“We wanted an intelligent, yet simple way to track railcars from our resin suppliers to our plants,” says Adamczyk. “Railinc was best positioned to provide this information.”

Creating a reliable and accurate tracking/tracing service for Amcor PET posed a unique challenge for Railinc. Consumer products companies have long used real-time logistics tracking to follow shipments of high-value products as they travel from manufacturing facilities to retailers’ warehouses.

But using the technology for inbound, low-value raw material shipments—particularly over slow rail connections—was something new.

“Considering all the benefits such a system could offer, it made sense to provide Amcor PET with tracking and tracing capabilities,” says Richard Flynn, Railinc’s assistant vice president of marketing and sales.

Overcoming Complexities

The service made economic sense, but that didn’t mean developing and deploying the technology would be a slam-dunk. The North American rail system is highly complex, designed around routes and practices geared more toward 19th-century factories than 21st-century manufacturing networks.

As a result, one railcar carrying a resin shipment destined for one specific Amcor PET facility may be routed over track controlled by several different rail lines during its journey.

Railinc’s expertise lies in untangling the often-Byzantine routes and schedules of hundreds of long- and short-line railroads, ranging from the largest Class I carriers to the smallest switching and terminal companies.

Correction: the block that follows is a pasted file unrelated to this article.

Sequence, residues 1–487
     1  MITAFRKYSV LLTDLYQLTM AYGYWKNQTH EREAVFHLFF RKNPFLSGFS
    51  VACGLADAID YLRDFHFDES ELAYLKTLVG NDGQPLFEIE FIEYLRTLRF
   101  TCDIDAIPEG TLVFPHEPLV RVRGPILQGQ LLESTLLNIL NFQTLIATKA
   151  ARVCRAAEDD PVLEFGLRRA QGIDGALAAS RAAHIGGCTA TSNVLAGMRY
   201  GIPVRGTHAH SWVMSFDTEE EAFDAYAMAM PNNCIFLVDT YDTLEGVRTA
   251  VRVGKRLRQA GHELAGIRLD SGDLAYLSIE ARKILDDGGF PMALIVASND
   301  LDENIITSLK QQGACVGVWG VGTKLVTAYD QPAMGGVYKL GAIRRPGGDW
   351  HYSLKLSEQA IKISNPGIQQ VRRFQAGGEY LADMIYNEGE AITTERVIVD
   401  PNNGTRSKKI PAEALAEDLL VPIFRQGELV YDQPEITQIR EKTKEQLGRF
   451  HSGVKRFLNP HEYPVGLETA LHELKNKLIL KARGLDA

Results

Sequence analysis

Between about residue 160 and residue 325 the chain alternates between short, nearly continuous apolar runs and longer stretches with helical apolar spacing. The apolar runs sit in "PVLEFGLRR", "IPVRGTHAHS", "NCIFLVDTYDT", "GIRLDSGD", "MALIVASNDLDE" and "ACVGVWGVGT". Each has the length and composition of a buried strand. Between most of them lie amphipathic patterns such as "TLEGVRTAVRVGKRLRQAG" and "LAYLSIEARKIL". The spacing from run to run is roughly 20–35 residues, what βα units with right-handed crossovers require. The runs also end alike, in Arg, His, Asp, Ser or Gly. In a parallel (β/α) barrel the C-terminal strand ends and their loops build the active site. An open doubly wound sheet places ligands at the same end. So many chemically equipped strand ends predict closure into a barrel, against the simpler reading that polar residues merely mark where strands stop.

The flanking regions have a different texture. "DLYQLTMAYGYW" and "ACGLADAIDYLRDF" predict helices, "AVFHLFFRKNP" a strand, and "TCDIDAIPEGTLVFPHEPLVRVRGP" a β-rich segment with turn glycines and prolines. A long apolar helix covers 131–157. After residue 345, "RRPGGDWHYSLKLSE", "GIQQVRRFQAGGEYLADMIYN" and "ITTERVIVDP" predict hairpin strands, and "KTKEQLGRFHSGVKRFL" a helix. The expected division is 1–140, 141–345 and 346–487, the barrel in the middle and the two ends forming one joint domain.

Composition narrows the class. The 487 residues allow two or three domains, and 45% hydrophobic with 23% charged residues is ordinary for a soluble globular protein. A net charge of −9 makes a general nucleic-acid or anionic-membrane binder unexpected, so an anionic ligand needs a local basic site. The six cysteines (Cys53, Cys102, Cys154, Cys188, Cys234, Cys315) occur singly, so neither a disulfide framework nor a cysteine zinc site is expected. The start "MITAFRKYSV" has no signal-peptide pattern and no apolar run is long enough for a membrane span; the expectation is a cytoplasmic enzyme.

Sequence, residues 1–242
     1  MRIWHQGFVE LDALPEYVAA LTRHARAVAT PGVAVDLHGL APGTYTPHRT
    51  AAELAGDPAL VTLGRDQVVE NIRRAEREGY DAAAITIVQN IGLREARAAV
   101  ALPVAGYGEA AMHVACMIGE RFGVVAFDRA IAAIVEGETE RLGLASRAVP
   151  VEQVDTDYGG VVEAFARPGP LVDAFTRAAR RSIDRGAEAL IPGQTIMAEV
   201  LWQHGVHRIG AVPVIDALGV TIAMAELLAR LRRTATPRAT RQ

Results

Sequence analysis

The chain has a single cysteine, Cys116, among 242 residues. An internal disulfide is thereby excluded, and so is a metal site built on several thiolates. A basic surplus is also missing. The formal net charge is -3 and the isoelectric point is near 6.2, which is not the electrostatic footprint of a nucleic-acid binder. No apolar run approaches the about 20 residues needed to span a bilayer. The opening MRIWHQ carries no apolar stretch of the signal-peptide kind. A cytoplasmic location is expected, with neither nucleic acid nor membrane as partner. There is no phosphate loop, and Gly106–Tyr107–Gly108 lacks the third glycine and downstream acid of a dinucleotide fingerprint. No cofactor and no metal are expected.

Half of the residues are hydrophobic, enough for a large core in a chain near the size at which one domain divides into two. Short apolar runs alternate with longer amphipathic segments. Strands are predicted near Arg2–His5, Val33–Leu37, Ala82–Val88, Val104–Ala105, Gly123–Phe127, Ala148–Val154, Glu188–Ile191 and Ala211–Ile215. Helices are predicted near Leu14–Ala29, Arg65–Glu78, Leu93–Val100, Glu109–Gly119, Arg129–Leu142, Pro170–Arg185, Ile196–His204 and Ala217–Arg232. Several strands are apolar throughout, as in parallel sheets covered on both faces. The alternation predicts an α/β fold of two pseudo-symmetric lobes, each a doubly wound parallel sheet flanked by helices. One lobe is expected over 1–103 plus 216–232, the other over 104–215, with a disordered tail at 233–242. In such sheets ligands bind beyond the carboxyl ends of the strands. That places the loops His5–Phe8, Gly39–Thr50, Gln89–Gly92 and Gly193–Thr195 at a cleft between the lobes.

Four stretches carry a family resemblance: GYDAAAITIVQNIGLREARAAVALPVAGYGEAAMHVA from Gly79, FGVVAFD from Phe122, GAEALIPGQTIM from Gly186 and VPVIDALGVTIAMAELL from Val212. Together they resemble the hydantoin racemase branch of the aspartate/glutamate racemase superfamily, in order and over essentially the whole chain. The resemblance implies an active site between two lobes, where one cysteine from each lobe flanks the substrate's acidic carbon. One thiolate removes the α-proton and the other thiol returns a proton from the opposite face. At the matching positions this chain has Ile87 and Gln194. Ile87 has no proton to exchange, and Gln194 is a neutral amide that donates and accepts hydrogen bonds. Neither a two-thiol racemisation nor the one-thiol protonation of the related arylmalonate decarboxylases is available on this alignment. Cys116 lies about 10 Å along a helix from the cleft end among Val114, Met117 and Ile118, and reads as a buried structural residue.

Amcor PET chose Railinc to help it keep a finger on its inbound rail logistics pulse, Adamczyk says. “Railinc has the capability to put different segments of information from various rail lines under one umbrella,” he explains.

As Railinc set out to design a tracking/tracing service for Amcor PET, one prime consideration was making sure the technology worked with Amcor PET’s existing supply chain management procurement system, Wesupply. Amcor PET relies on Coventry, England-based Wesupply’s hosted software and support for both supply chain planning and electronic trading capabilities.

Wesupply was excited by the opportunity to help Amcor PET get a better handle on its raw material shipments, and suggested tracking railcars as a valuable component of the wider solution, says Wesupply Consulting Director Andrew Wood.

“This was a significant opportunity for Amcor PET to embrace a different approach to managing its inbound supply chain,” he explains.

Wesupply also acts as a rail shipping information conduit to Amcor PET’s SAP enterprise resource planning system.

“Our Wesupply, Railinc, and SAP systems communicate with each other to order resins from our supplier and schedule deliveries to the appropriate railyard,” says Adamczyk. “The systems can also link individual orders to each respective Amcor PET location.”

Thanks to Railinc and Wesupply’s collaboration on the project, Amcor PET was able to begin tracking and tracing its inbound materials shipments in October 2004. Despite its complexity, designing, building, and deploying the system took only two months.

The System in Action

The Wesupply software kicks off the shipping process by calculating exactly how much resin Amcor PET needs at a particular production facility. It also determines when the product should be shipped.

Planners at each facility use Wesupply’s recommendations to electronically place resin orders. Amcor PET’s 12 plants are scattered across the United States, including locations in Allentown, Pa.; Lenexa, Kan.; Fairfield, Calif.; Orlando, Fla.; and Tumwater, Wash. The resin is principally supplied by companies in the Southeast.

Once an order has been shipped, Railinc’s service goes into action. RailSight, the company’s automated rail equipment tracking system, “pushes” rail event reports on specific equipment using information supplied by more than 460 rail carriers. Car location message and estimated time of arrival (ETA) data are available to Amcor PET within minutes of being reported to Railinc.